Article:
Categories Africa, Benin, Blog, Ethiopia, Gender Policy, Kenya, Publications, South Africa, Uganda

Celebrating African Rural Women: Custodians of Seed, Food & Traditional Knowledge for Climate Change Resilience

First published on 02/29/2016, and last updated on 10/09/2018

At a time when Africa most needs it, the vast wealth of farmer’s knowledge that sustains the diversity of the continent’s crops, wild foods, nutrition, medicinal plants and Africa’s resilience to climate change is on the verge of being lost forever.

In their pursuit of profit, big agribusiness and governments are aggressively expanding fossil fuel-intensive monocultures and introducing laws which criminalise saving and exchanging seed, thereby riding rough-shod over those who are most knowledgeable about and able to safeguard agro-biodiversity.

A new report by the African Biodiversity Network, the Gaia Foundation and the African Women’s Development Fund shows how small farmers – mainly women – still produce 80% of the food in Africa on just 14.7% of the agricultural land, and control 80% of the seeds produced and exchanged on small farms. It offers a window into the complexity of women’s agricultural knowledge, and their understanding of the nutritional and cultural needs of the family and the community – all of which lie at the heart of food sovereignty.

The report celebrates the vital role that African rural women play in selecting, breeding and enhancing the diversity of their seeds. Kagole Margret Byarufu, from Hoima in Uganda, explains, “By learning from the elders we re-discovered exciting things like a type of pumpkin which is as big as a watermelon, but white inside. It grows well when it is dry, cooks well, and you can feed the cows with the outer skin. Traditionally elders would mix millet and green grams, pumpkin calabash seeds and castor oil as each plays a different role. The different crops use different nutrients from the soil. So they help each other and whatever the weather, something will grow.”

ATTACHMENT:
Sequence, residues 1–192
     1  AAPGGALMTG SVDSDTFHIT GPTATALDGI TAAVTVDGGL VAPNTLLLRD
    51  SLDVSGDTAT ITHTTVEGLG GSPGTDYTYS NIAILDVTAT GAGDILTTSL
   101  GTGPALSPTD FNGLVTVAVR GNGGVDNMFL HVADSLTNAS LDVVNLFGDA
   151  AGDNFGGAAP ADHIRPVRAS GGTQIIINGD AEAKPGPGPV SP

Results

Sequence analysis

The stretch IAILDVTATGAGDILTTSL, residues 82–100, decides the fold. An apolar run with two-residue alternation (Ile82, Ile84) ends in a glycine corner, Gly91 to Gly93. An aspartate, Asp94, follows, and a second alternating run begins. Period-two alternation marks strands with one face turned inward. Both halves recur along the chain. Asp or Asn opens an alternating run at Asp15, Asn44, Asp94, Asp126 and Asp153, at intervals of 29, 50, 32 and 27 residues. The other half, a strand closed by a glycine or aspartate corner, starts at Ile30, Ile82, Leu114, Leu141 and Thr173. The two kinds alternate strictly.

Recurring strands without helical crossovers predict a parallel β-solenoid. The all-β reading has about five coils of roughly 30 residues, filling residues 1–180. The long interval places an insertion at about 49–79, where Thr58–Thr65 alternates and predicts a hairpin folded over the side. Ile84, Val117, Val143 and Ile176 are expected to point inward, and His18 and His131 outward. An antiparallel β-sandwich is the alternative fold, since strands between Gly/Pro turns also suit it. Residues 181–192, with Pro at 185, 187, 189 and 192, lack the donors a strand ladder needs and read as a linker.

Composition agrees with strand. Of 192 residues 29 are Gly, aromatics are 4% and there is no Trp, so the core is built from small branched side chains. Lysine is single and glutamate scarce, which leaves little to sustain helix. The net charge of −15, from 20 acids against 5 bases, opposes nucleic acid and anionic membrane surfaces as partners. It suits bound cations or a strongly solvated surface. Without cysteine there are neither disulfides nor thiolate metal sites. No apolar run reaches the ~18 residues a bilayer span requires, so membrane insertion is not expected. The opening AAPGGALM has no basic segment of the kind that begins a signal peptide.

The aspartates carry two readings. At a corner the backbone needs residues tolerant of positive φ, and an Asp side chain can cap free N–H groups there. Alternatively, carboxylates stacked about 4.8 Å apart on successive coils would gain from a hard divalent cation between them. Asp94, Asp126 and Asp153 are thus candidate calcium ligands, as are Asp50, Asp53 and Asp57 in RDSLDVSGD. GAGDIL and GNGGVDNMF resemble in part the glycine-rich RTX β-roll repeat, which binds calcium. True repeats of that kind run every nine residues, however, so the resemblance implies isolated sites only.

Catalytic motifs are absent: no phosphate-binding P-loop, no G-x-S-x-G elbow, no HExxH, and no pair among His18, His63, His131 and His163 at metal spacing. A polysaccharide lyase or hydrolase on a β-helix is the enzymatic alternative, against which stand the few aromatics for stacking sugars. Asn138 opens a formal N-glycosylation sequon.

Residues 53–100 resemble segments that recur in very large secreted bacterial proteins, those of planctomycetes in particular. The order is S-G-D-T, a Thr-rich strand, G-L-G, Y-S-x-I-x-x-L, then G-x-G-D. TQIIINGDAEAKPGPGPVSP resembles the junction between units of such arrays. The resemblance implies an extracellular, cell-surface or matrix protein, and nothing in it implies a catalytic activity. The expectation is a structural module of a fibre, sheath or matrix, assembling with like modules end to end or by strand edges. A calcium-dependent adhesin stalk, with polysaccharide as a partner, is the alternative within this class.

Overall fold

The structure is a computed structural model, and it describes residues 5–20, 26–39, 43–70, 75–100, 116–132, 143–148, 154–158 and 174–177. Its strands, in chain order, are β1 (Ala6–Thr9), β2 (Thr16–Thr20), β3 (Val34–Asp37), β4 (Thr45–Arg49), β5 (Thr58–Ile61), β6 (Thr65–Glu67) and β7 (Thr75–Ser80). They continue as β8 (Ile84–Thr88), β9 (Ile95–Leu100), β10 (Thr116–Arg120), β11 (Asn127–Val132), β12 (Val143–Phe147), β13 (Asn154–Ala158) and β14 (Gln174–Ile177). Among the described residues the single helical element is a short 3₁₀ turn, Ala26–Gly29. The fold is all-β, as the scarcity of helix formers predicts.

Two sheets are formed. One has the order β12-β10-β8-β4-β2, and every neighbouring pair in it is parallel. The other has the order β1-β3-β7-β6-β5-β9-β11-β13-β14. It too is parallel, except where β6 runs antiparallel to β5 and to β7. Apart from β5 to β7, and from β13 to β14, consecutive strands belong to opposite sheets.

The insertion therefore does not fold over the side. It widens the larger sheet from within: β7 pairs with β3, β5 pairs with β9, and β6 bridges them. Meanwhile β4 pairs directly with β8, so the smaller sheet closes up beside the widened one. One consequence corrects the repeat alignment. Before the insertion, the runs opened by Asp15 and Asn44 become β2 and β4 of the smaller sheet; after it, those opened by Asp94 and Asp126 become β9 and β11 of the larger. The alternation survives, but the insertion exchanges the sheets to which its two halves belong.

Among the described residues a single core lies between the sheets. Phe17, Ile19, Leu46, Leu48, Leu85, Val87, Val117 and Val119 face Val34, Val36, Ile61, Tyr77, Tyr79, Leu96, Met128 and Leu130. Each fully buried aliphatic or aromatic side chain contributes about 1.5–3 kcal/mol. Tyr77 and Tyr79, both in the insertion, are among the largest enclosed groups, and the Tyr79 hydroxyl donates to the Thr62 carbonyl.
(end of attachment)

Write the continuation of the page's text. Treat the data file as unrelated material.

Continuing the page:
The report captures the voices of women who are actively working with their local communities, reviving seed diversity, and regaining their leadership role – from Ethiopia, Kenya, South Africa, Uganda and Benin. As custodians of encyclopaedic agricultural knowledge, they are both disproportionately affected by the expansion of the industrial model of agriculture and leading the counter movement to ensure that Africa’s food future is diverse and helps cool the planet.

Access the full report here: .